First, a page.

There are things in Chaco Canyon older than the stone ruins. The stone from which the pueblos were built was cut from the 400-foot-tall sandstone bluffs remaining where the wash has eroded them.
The sandstone formed from a seabed of 60 to 80 million years ago. Any examination of the sandstone quickly reveals things that look like twisted, corroded rebar. It’s not.
During the Cretaceous a shrimp-like crustacean burred into the sandy seabed, creating a network of tunnels. To keep the tunnels from collapsing from sea wave motions, these crustaceans cemented sand particles to the walls.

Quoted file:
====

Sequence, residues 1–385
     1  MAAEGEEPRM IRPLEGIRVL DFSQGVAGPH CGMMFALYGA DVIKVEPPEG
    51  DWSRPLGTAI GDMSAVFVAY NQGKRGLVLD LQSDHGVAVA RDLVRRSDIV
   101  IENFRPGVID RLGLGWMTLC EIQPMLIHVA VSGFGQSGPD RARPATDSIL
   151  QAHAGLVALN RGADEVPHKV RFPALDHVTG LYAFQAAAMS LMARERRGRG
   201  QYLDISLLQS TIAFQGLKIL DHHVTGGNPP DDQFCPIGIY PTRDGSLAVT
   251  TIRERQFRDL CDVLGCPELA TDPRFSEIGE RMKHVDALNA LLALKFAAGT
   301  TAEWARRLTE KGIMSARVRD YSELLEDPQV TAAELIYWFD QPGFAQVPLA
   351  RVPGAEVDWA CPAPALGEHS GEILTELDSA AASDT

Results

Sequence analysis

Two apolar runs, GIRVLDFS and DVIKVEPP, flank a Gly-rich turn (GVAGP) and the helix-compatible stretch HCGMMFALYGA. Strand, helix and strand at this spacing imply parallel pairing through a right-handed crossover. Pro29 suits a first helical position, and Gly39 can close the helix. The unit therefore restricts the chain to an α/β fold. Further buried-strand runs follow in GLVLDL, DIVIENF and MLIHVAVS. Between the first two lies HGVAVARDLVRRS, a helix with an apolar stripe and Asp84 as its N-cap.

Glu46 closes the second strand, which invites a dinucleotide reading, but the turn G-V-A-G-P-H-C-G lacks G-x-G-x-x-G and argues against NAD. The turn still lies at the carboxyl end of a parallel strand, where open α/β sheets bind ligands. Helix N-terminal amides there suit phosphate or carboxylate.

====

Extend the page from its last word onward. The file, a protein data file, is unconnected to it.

As the ocean receded, heavy particles of iron, mercury, and other minerals suspended in the water settled into the and filled the crustaceans’ abandoned tunnels. The particles hardened as the seabed dried. The time and the weight of sediments laying on top compressed the sand into sandstone.
So while the crustacean is long gone, its home remains ... just like the Chacoans.
Posted by Bud Russo